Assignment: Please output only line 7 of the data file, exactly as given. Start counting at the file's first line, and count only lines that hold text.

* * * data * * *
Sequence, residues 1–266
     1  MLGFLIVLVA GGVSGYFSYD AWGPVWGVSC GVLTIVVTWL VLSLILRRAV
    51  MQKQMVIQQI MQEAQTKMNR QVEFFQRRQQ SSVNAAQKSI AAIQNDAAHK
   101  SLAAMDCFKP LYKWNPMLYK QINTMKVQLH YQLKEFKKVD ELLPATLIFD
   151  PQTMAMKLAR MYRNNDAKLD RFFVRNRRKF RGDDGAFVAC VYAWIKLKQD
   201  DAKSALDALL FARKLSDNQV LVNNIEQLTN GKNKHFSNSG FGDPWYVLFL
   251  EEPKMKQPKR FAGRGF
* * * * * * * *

   251  EEPKMKQPKR FAGRGF